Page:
``log'' of type |w|, which must be an instance of |Monoid|
(\pref{sec:monoid}); the special function |tell| performs logging.
\item The |Control.Monad.State| module~\cite{state-docs} provides
the |State s a| type, a |newtype| wrapper around |s -> (a,s)|.
Something of type |State s a| represents a stateful computation
which produces an |a| but can access and modify the state of type
|s| along the way. The module also provides |State|-specific
utility functions such as |get| (read the current state), |gets|
(read a function of the current state), |put| (overwrite the state),
and |modify| (apply a function to the state).
\item The |Control.Monad.Cont| module~\cite{cont-docs} provides the
|Cont| monad, which represents computations in
continuation-passing style. It can be used to suspend and resume
computations, and to implement non-local transfers of control,
co-routines, other complex control structures---all in a
functionally pure way. |Cont| has been called the ``mother of all
monads''~\cite{piponi-mother-of-monads} because of its universal
properties.
\end{itemize}
\begin{exercise} \label{ex:list-monad}
Implement a |Monad| instance for the list constructor |[]|. Follow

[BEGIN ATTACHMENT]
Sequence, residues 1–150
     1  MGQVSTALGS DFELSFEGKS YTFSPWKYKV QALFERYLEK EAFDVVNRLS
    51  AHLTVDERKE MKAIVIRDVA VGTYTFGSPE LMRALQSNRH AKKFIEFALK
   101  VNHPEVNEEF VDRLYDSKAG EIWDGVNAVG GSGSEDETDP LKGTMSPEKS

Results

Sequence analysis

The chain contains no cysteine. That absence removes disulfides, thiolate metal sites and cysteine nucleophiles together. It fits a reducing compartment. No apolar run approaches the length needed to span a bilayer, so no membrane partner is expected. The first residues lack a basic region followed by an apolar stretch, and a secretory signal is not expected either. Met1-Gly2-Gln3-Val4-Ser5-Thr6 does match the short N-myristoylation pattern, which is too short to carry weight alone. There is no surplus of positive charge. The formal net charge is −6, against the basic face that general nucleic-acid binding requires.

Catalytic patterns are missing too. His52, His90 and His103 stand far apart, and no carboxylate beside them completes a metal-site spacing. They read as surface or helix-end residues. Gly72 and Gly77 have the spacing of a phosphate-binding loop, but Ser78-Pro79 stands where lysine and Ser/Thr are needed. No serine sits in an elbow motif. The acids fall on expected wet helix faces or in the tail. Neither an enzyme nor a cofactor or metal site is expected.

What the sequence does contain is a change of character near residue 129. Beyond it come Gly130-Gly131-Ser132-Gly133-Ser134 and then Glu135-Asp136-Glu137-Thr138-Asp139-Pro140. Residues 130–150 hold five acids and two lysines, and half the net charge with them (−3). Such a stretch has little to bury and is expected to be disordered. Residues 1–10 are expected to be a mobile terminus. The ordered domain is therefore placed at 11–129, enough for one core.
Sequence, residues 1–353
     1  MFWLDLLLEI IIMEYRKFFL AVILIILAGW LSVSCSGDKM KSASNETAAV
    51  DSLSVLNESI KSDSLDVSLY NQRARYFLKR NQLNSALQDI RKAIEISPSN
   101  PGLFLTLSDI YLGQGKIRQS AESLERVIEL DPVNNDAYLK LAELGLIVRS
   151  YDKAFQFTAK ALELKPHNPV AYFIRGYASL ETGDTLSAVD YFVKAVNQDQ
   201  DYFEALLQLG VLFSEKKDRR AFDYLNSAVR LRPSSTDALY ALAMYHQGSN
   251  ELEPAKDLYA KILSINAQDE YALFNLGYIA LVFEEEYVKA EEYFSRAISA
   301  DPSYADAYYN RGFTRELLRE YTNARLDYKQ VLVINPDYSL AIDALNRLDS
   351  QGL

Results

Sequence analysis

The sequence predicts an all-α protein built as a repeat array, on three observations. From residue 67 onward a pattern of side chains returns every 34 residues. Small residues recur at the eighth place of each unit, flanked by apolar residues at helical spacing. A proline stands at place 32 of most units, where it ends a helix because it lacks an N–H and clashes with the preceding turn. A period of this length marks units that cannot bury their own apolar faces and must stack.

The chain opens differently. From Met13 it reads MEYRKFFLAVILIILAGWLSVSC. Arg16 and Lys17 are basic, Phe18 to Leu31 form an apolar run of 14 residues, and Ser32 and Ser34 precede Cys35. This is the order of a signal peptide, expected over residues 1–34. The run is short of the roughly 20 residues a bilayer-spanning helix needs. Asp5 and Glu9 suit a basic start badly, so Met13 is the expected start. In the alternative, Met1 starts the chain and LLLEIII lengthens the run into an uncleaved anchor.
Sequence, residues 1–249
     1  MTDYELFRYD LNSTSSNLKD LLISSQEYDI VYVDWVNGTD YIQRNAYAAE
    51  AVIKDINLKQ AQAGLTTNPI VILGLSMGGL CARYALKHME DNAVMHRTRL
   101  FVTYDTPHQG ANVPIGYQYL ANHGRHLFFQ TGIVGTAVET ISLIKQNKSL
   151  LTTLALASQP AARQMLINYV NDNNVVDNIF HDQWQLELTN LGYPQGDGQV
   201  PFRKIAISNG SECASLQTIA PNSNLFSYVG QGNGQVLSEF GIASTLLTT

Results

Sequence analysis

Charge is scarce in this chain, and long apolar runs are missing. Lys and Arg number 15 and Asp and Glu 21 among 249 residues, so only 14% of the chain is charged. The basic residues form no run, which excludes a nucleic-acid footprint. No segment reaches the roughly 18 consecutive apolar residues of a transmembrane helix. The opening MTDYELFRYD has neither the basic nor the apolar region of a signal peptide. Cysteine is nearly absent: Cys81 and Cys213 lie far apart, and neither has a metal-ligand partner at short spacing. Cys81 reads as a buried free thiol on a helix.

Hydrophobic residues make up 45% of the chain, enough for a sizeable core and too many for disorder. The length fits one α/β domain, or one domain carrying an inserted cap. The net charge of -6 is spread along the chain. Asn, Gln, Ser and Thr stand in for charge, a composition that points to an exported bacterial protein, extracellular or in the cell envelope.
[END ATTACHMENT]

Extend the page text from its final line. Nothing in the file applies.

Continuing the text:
the types!
\begin{solution}
% XXX write me
\end{solution}
\end{exercise}
\begin{exercise} \label{ex:reader-monad}
Implement a |Monad| instance for |((->) e)|.
\begin{solution}
% XXX write me
\end{solution}
\end{exercise}
\subsection{Intuition}
\label{sec:monad-intuition}
Let's look more closely at the type of |(>>=)|. The basic intuition
is that it combines
% \footnote{We should be careful to use the word
% `combine' to describe what |(>>=)| does, not `sequence'; a common
% misconception is that monads have something to do with sequencing
% effects. In fact, monads have nothing inherently to do with
% sequencing---no more than, say, function composition. Sequencing in
% Haskell is driven by data dependencies: if value |a| is needed in
% order to compute value |b|, then |a| must be computed before |b|.
% Certain monads---notably |State| and |IO|---are structured in order
% to enforce sequencing of effects via data dependencies, but this is
% a particular consequence of the way they are defined, not because of
% anything inherent in the |Monad| type class itself.}
two computations into one larger computation. The first argument, |m
a|, is the first computation. However, it would be boring if the